The Centenary Institute has collaborated with fellow medical research institute, the Hudson Institute in Victoria, to develop a novel model system for accurately monitoring tumour stage and immune cells involvement.
Head of Centenary’s Liver Enzymes in Metabolism and Inflammation Program, Professor Mark Gorrell, was involved in the research project.
Ovarian cancer develops slowly and the immune system is crucial in controlling the tumour. In this particular study, the researchers modified ovarian cancer cells so they glowed in a way that can be seen in live laboratory mice models – enabling counts of tumour cells and immune cell subsets when each tumour is removed.
This system has allowed the researchers to learn new information on tumour growth, as well as discover which immune cells are in the tumour.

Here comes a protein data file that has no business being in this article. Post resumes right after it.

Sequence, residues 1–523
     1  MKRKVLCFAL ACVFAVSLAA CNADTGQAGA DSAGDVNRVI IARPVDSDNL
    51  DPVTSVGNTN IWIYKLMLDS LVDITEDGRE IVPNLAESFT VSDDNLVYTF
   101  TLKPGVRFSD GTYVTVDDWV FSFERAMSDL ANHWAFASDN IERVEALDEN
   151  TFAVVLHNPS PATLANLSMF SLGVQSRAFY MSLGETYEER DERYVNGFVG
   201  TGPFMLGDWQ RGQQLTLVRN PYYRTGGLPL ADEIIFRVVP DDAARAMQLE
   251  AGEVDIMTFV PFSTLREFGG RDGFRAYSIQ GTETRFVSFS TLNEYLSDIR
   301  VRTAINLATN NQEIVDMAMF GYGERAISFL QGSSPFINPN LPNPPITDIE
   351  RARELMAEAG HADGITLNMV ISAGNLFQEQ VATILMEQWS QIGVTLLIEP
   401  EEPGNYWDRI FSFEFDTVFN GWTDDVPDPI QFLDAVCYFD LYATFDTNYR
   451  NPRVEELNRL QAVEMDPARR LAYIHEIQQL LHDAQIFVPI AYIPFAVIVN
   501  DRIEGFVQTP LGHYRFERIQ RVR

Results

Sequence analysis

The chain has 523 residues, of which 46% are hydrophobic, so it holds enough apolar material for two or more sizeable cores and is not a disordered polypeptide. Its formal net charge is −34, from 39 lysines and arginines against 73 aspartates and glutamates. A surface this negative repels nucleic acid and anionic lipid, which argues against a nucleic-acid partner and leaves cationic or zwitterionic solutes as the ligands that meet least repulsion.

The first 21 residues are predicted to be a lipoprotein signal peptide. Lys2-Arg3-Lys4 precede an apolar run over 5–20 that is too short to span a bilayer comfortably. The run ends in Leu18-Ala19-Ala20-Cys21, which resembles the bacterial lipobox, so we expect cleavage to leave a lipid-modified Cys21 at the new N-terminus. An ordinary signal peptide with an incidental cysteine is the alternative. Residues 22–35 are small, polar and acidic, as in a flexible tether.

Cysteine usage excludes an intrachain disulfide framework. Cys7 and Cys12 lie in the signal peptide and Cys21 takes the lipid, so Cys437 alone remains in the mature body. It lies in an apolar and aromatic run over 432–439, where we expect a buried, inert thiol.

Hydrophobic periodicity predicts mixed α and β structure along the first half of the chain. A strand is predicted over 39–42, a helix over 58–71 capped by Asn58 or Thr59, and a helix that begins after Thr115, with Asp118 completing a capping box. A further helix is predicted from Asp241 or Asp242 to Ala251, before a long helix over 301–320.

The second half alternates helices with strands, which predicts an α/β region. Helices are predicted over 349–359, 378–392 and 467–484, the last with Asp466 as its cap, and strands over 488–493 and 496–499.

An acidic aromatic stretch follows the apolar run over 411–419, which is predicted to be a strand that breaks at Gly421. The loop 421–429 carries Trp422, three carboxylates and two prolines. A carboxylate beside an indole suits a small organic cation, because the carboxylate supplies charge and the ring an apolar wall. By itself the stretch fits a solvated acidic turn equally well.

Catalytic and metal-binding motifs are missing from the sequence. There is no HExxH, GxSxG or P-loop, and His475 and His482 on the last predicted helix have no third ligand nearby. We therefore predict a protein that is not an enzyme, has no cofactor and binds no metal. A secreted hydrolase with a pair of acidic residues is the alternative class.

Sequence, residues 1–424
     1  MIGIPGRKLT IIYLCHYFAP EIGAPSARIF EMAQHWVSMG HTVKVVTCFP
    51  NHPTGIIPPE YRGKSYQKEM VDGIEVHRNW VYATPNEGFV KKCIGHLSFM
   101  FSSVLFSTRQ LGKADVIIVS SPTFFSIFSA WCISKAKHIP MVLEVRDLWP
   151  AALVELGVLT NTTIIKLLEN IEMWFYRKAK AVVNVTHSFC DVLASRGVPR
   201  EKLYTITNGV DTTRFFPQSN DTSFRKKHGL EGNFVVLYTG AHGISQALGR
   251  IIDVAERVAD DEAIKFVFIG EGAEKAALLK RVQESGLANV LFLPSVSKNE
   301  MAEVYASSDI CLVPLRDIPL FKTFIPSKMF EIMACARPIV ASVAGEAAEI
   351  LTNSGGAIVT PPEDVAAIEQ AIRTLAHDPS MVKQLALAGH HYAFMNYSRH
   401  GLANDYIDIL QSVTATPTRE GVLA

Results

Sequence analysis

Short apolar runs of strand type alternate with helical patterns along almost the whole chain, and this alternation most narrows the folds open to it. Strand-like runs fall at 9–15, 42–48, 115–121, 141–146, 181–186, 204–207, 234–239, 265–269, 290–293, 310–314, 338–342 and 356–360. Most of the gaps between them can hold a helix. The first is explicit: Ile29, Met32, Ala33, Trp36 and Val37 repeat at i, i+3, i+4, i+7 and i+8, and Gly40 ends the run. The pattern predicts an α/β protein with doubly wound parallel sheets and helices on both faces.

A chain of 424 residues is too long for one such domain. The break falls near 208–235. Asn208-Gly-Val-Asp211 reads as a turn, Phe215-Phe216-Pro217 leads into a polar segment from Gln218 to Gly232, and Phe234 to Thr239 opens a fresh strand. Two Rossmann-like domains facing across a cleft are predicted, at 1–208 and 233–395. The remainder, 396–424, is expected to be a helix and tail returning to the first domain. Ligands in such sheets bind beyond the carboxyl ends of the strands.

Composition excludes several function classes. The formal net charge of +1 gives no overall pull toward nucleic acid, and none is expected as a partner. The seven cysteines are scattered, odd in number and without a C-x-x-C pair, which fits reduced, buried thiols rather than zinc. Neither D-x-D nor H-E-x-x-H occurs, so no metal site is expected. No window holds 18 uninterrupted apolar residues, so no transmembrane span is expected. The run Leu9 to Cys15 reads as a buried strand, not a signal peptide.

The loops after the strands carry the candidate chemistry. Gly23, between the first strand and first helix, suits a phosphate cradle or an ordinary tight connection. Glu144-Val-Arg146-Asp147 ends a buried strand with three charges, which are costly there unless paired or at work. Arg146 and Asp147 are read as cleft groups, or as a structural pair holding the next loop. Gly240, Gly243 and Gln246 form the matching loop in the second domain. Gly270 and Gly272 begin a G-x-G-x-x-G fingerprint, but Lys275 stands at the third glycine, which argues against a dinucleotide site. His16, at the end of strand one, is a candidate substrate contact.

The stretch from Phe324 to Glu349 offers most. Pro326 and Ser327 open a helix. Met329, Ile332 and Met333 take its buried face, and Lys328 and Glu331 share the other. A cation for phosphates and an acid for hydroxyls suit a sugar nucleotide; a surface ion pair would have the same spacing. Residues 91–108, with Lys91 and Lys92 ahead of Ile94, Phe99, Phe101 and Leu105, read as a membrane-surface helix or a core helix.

The researchers plan to apply the model to other cancers, including liver cancer.
Read the full study online in scientific journal Cancers.
Learn more about how Professor Gorrell’s team at Centenary is working to help develop a new liver disease test.
Inflammation is all good. It is an essential repair process that heals the body, defends it from infection.
However it is also a very powerful process, which when left unchecked causes many diseases directly (like arthritis) but also indirectly (like cancer and vascular disaeses).
A new aspect of inflammation is coming to light, its connection with chronic metabolic diseases, like obesity and diabetes.
In fact its has been given a new name ‘Metaflammation’.
One of the reasons this link is really important is that we are able to control with small molecule or biological therapeuti s some aspects of inflammation and thus this approach might become really useful in treating some diseases that were thought to be diet or environment influenced..and are looking to become a devastating problem in the future.